Insider Business Club: IT and finance

Do finance directors have the necessary IT skills to drive their own
business forward?

John Tate, IT adviser to the Charity Finance Directors Group

We are fortunate today in that, in the majority of cases, finance directors have
experience of a number of IT projects, often in different organisations.

So if we compare ourselves to say five or ten years ago, we have got a much
broader range of skills and experience. But those that choose to follow the
research work that gets done in the IT sector will recognise there are still far
too many IT projects that fail to deliver what is expected of them either on
time or to budget.

Figures tend to start at about the 70% mark for the number of IT projects not
achieving what they set out to do, and in some cases research reports suggest
90%+ fail to achieve what they set out to do so the first thing a good finance
director or finance professional needs is a healthy level of cynicism.

Recognising the chances of the project going well are statistically a lot
less than the project going badly. I think having recognised the scale of the
challenge I’d kick off with my organisation’s business strategy and I would
place anything we do with IT clearly in the context of that.

If your organisation hasn’t got a well put-together and communicated business
plan, or strategy, don’t start doing too much with IT at a strategic level.

But off the back of a [planned] business strategy have a good look at IT and the
opportunities for technology in your organisation. Look at the things it can do
to improve how you work.

If you can get the board and the senior management team, as well as the
staff, behind the project and can give the right level of focus to an IT project
you can come out and make something work. Unfortunately with Y2K projects, where
the board and staff were involved, organisations ended up with exactly what they
had before so it was rather unrewarding. At least it showed and set an example
of how IT projects can work and some of the criteria that you can judge whether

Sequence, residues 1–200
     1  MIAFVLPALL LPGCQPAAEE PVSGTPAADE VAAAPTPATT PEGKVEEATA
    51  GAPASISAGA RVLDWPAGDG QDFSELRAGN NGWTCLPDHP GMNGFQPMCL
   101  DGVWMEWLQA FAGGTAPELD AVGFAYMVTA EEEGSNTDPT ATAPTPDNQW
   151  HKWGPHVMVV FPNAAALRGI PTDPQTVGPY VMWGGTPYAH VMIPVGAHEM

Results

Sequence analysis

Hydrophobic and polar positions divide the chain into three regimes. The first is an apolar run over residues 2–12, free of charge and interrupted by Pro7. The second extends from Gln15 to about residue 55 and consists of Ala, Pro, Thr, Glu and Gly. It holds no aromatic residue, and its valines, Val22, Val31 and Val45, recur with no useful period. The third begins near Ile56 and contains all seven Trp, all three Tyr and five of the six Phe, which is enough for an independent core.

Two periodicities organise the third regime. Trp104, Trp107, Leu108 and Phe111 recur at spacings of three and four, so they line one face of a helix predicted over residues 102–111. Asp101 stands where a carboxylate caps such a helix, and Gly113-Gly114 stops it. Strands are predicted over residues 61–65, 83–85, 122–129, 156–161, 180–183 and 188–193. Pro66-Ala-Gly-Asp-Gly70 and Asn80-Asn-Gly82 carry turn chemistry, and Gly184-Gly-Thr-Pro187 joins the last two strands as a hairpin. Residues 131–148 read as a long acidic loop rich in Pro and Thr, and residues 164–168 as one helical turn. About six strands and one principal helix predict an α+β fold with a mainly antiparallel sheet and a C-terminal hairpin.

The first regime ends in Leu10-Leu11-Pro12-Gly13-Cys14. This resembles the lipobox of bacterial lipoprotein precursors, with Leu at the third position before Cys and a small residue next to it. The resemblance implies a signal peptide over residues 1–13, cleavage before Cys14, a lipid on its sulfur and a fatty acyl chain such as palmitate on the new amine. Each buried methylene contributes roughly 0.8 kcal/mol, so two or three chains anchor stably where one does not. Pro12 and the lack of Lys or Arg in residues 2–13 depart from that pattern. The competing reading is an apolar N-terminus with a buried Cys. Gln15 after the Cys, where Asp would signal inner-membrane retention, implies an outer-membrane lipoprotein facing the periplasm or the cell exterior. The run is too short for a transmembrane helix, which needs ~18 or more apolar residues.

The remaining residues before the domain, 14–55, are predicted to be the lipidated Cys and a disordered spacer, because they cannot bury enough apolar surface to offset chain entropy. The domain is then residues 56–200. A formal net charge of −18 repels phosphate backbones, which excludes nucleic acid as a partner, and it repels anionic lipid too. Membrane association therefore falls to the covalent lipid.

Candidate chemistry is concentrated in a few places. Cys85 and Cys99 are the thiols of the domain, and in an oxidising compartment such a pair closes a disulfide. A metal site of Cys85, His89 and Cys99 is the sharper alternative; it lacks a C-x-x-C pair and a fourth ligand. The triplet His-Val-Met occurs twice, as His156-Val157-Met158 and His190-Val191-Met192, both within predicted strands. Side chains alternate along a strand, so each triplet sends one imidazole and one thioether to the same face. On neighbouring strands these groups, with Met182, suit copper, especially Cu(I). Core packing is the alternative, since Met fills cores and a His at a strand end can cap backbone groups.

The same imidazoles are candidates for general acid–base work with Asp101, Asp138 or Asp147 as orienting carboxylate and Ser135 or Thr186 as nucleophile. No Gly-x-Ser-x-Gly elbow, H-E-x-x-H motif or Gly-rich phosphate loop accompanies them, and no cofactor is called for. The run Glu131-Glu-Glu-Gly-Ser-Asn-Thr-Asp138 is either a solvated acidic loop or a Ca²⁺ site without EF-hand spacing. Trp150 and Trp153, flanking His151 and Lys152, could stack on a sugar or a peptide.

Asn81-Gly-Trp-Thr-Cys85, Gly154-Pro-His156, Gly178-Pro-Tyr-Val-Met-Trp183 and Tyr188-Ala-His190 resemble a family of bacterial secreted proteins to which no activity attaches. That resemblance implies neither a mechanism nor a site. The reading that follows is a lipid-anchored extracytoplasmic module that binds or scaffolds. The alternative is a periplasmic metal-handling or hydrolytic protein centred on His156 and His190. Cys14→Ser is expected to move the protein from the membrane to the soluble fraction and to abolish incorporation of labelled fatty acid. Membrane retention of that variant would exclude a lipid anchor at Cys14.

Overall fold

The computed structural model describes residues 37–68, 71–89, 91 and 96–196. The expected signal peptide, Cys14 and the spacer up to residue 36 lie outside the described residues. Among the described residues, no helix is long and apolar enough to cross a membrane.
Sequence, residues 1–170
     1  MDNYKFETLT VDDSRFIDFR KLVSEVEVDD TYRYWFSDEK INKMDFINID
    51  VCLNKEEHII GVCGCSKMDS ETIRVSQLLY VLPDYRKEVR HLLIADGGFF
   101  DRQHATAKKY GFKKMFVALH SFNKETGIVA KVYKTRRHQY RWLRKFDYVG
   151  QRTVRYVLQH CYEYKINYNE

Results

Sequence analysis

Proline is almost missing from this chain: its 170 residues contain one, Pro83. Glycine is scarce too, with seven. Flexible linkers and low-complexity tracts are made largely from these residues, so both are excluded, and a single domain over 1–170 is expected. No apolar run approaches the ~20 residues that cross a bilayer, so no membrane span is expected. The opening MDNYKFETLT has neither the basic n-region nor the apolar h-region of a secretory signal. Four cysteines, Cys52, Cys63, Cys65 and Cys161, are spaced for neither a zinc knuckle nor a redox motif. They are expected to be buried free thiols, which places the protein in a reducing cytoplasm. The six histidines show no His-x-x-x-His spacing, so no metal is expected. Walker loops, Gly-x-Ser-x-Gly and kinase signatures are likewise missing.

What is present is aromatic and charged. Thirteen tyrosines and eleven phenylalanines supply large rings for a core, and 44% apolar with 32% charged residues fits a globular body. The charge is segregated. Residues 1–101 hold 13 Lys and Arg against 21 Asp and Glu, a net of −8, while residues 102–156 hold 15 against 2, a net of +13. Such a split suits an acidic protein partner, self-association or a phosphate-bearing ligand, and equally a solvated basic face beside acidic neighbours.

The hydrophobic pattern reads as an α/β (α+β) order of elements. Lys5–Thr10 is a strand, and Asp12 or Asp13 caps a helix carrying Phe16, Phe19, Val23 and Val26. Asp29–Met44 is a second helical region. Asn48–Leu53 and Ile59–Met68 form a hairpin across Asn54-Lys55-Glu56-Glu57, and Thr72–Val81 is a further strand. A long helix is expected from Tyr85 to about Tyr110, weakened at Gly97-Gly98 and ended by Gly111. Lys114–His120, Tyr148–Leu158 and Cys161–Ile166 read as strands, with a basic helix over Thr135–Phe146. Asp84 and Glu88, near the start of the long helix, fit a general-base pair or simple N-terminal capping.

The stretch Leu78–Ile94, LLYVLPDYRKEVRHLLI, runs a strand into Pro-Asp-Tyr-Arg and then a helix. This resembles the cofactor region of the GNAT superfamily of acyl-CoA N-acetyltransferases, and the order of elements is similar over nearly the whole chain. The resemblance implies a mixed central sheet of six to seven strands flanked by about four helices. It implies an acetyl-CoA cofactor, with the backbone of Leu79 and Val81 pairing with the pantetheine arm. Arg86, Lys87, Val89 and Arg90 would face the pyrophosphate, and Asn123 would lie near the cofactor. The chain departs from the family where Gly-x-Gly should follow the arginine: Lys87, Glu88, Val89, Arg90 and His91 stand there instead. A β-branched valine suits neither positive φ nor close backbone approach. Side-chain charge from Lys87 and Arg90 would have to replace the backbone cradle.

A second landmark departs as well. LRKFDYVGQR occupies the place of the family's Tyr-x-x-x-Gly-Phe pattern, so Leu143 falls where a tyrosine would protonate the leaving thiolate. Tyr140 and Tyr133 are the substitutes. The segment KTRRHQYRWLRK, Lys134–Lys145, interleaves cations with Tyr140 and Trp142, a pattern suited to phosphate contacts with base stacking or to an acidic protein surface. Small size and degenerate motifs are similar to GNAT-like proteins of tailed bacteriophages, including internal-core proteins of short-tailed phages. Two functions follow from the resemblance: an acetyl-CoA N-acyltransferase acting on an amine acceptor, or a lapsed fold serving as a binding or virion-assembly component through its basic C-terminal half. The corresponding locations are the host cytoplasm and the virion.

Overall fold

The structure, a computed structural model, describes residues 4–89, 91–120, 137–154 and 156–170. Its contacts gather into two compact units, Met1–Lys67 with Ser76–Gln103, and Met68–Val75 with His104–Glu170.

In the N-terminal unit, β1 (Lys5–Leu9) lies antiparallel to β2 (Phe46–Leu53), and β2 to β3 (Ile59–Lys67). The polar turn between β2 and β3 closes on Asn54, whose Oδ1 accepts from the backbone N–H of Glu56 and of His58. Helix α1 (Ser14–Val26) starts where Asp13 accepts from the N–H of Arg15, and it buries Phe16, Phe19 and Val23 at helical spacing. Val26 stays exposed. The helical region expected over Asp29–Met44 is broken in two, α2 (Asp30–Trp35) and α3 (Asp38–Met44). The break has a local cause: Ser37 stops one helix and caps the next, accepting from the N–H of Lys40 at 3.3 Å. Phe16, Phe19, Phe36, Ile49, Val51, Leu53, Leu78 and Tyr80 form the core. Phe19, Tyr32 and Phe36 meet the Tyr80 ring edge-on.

a project is going to succeed or not.

Maybe you should take out the word IT from the topic and ask whether [finance
professionals] have the right skills in general. Clearly while there is a whole
range of different challenges to select and implement new technology, it has got
to start with a strategy that looks to achieve business objectives.

I won’t go through the complete list of all the skills an FD needs to oversee
the successful selection and implementation of new technology. Clearly knowledge
of what technology can offer is one, but in my opinion right at the top of the
list what is required are change management skills.

How IT savvy must FDs be? What have they learned from the challenges
they’ve faced?

Tim Lennard, business planning manager, Microsoft

We didn’t want businesses going down in the way doommongers had predicted
over Y2K, but that issue was a wake-up call for finance and IT in particular and
it raised a lot of issues and questions which I think have actually put people
in a much better state of health: given the whole notion of security of your
data, your business systems really came to the fore.

To a large degree that [focus] has remained which I think is good news. I
think some of the issues companies unravelled during that preparation phase have
stood them in great stead.

Lots of companies were sitting on very old code bases, programmes that were
written over a period of time, had been tied together in various ways and in
many instances weren’t appropriately documented, Y2K fundamentally exposed the
risk for all those organisations and I think what we’ve seen since that time are
businesses far more disciplined around that exposure, so there are more disaster
plans in place for organisations for example.

There is typically an improved understanding of the appropriate licencing of
software and also the documentation of bespoke programming. It has put us in a
better state of health and readiness and made us smarter in terms of investments
that finance directors in particular are making going forward.

IT is also more pervasive in business and even in our personal lives,
therefore it is, frankly, difficult to make good decisions unless you have a
good handle on the technology implications of those decisions you make, so I
think to that extent that people are getting up to speed. The better we all are,
the better the decisions will be made.

But all business are different, whether one has a dedicated IT department and
if IT reports into the finance function – or if IT reports to the MD. All these
things come into play in determining the depth of skills the finance function
needs, compared with just an effective collaboration between finance and the IT
department. I think that is a fruitful area for understanding and discussion.

But it is all about spending very wisely and back to our earlier points, being
aligned with your overall business objectives.

The role of finance is critical in helping to orchestrate that overall
business strategy and IT strategy needs to sink very much into what the business
objectives are. When projects go awry they tend to be ‘runaway’ projects if you
like, which are inconsistent with where the rest of the business is going and
where you haven’t had buy-in from the rest of the organisation.

Chaired by Kevin Reed

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